Reaction was predictably divided, and swift. In a Feb. 26 statement, Bruce Josten, executive VP for government affairs at the U.S. Chamber of Commerce (New York) said, "more taxes, heavy-handed regulations, and command-and-control government will not hasten recovery. Instead, it will delay it and do so at a terrible cost to taxpayers, businesses, and working families."

The response from the Advanced Medical Technology Association (AdvaMed; Washington), however, was mixed. The association's president and CEO, Stephen Ubl, said in a Feb. 26 statement that AdvaMed members "applaud the President's commitment to health reform and for recognizing the healthcare delivery system is in need of improved efficiencies and preventive care as well as a greater emphasis on quality," All the same, Ubl took exception to what he saw as a "troublesome proposal in the budget [that] would require pre-authorization of Medicare imaging studies by private utilization review firms." He urged the administration to "await results from a Medicare demonstration program designed to increase physician adherence to guidelines on the delivery of appropriate imaging" before pressing ahead with such a move.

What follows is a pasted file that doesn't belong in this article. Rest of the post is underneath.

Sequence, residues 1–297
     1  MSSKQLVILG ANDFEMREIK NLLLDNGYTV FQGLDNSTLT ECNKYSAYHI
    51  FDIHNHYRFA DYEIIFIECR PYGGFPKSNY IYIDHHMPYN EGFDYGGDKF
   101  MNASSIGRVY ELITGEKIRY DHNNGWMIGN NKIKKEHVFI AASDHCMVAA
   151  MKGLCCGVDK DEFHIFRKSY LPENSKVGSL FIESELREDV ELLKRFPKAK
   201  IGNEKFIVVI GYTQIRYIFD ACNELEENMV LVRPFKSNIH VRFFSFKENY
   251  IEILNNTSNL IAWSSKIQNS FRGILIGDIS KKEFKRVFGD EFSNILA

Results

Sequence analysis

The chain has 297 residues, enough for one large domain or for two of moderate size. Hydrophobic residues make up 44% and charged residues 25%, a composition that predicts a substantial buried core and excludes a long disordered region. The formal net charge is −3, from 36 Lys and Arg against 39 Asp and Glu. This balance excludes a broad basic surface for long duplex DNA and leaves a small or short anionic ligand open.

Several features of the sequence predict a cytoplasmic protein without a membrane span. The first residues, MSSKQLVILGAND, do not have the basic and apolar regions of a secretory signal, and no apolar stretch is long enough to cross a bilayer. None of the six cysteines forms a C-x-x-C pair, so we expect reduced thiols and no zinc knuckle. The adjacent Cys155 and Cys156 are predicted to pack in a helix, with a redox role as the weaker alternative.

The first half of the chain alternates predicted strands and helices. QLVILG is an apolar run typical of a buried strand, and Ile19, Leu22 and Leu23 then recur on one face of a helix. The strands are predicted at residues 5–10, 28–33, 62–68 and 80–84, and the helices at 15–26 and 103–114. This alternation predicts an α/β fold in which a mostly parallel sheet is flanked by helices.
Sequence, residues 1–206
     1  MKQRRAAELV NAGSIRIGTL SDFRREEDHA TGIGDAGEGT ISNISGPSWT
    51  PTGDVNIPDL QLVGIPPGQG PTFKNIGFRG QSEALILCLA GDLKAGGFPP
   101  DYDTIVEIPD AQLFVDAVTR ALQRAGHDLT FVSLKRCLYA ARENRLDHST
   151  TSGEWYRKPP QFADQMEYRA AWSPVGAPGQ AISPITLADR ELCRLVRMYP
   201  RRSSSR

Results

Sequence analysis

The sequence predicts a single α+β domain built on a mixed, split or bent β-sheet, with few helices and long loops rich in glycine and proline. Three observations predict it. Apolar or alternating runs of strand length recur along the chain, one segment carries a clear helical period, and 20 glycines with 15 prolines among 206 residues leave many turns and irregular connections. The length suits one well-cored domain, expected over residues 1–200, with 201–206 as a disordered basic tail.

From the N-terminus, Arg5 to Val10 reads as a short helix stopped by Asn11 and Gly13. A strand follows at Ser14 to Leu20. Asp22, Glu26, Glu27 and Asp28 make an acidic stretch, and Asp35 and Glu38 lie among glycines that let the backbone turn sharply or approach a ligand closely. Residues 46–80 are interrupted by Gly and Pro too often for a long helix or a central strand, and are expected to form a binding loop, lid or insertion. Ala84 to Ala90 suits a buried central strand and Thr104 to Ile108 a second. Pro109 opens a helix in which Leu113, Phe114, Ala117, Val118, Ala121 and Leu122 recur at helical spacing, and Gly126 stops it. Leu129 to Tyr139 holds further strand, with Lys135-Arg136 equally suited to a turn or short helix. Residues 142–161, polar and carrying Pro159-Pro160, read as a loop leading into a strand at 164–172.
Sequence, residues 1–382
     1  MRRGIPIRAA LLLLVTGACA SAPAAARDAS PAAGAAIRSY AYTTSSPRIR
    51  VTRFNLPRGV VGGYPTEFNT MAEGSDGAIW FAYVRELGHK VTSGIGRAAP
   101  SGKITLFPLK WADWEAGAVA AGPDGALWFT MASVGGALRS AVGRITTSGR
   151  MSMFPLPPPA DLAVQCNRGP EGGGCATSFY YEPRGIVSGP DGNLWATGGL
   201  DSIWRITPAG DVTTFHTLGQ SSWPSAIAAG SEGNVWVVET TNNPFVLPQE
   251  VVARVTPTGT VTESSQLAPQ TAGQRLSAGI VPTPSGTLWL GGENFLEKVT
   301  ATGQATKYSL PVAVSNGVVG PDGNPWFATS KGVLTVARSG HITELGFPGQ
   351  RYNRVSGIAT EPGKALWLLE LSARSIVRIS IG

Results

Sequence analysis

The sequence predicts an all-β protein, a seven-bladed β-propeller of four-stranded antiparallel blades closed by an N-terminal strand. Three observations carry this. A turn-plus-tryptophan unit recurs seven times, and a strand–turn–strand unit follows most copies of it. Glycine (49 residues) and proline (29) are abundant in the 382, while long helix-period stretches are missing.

Former comptroller general David Walker, who left his post at the Government Accountability Office in March 2008, published a Feb. 26 statement on behalf of the Peter G. Peterson Foundation (New York), commending Obama for "providing a 10-year budget projection and a specific deficit reduction goal." Walker, who serves as the organization's president and CEO, also expressed concern that the White House is "advocating expanding healthcare coverage before we have demonstrated our ability to control healthcare costs and before we make a significant down payment on the federal government's tens of trillions of dollars in current unfunded healthcare promises." Walker recommended the establishment of a fiscal future commission "to help us get our federal finances in order before we lose the confidence of our foreign lenders."